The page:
Author Richard Louv invites us to imagine a future filled with urban parks, greenery, and gardens.
Homes destroyed by mudslides, villages flattened by hurricanes, glaciers melting into the sea, land cracked by drought: Such images of the effects of climate change fill social media feeds and television screens. These images may spur awareness and prompt declines in fossil fuel use, but they don’t encourage us to envisage a hopeful, green future.
Writer Richard Louv wants us to focus on this more optimistic vision. While such a view involves fighting climate change by using more-sustainable energy sources, Louv invites us to go further by imagining a “nature-rich” future. “If you only talk about energy efficiency, the conversation stops at solar panels,” he says. “‘Nature-rich’ conjures up the images that we want to work toward.”
Louv, who co-founded the Children & Nature Network, is a longtime advocate of reintroducing nature to people, especially children. In his 2005 book, Last Child in the Woods, he coined the term “nature-deficit disorder,” which he says American children are suffering from due to recent trends that keep kids indoors.
CityLab recently caught up with Louv to discuss his nature-rich vision as it applies to cities, and what municipalities and individuals can do to ensure a future wealth in things green and leafy.
You’ve written about how Americans need to change the way they think and talk about the future. Can you elaborate?
We often talk to each other, as well as to our children, about our future in dystopian terms. There’s a reason dystopian novels and films, such as Blade Runner and Mad Max, are so popular. And these visions of the future don’t have a lot of nature in them, though at least The Hunger Games has a few trees. There’s nothing wrong with the fact that these narratives exist; Orwell’s 1984 offered a good lesson. The problem is an absence of another set of images, of a different, more hopeful future—and one that is rich in nature.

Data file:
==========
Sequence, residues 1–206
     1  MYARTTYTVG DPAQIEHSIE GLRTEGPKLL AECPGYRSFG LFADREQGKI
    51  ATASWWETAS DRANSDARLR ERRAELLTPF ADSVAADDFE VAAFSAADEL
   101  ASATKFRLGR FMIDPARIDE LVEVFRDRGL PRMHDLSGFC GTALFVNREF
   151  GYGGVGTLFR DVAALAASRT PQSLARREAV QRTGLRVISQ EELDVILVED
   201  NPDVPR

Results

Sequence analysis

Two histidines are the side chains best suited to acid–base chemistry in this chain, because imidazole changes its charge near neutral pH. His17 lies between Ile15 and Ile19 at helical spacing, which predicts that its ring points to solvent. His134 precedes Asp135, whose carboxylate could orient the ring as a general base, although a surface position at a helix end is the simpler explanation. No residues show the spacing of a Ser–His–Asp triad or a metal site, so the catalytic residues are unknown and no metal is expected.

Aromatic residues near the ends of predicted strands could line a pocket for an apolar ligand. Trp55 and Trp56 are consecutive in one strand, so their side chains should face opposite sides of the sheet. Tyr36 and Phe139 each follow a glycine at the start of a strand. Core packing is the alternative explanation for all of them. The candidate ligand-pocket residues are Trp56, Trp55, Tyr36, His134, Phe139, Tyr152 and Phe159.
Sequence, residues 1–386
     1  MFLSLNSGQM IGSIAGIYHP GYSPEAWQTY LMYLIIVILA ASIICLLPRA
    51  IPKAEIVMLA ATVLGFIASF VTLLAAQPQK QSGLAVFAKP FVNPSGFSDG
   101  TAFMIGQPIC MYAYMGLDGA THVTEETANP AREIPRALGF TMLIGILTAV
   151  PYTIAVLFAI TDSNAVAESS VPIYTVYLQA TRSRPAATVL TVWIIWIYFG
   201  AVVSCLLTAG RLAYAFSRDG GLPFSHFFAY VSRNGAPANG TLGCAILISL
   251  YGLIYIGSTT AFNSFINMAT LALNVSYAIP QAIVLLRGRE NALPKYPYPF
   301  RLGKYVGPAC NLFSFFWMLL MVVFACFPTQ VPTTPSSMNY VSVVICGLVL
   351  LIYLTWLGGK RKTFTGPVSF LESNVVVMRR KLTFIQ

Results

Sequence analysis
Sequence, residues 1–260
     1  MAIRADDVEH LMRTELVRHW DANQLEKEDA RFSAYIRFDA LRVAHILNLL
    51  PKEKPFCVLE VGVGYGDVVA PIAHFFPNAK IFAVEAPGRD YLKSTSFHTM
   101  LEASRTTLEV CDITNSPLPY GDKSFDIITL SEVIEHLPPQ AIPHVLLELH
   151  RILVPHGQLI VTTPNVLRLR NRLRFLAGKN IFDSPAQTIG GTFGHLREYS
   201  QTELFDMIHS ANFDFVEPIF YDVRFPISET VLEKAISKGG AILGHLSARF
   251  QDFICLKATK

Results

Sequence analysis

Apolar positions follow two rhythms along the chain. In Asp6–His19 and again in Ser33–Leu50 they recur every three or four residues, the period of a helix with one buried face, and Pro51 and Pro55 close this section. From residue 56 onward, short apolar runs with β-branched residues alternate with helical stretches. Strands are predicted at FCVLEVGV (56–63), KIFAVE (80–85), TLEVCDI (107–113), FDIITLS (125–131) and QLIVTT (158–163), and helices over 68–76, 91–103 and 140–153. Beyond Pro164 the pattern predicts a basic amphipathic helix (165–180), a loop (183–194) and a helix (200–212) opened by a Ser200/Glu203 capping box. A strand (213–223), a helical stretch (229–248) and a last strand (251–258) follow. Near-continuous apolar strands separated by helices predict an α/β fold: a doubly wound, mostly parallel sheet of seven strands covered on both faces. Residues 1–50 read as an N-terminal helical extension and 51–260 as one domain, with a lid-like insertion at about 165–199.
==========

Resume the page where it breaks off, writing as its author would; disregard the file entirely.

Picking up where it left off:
The good news is that this is a vision that many people can agree on. Our children’s disconnect from nature may be the only current cultural issue that brings together people who don’t agree on much of anything else. Pediatricians, developers, urban planners, liberals, conservatives: Once they get to the same table and start talking about it—and start remembering their own childhood connections to nature—they open up to each other and to plans for change.
Why is engaging with nature so important, especially for children?
A growing body of research suggests that kids who spend more time in natural environments are less apt to be obese or suffer from depression, anxiety, and attention disorders. They learn more effectively in school, and they play together better. Studies indicate, for instance, that in natural play spaces children bully each other less and are more likely to include others who they might not engage with otherwise. Adults benefit in similar ways. Research suggests, for example, that people who spend time in more natural environments in cities tend to nurture closer relationships with their fellow urbanites and to value their communities.
When did we start to lose our intimate connection to nature?